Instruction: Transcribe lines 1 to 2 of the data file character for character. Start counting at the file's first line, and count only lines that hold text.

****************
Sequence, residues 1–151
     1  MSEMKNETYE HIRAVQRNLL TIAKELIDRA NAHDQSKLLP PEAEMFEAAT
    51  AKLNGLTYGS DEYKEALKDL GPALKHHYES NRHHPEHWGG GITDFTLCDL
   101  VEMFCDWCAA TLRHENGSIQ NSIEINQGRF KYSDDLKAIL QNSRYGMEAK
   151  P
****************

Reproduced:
Sequence, residues 1–151
     1  MSEMKNETYE HIRAVQRNLL TIAKELIDRA NAHDQSKLLP PEAEMFEAAT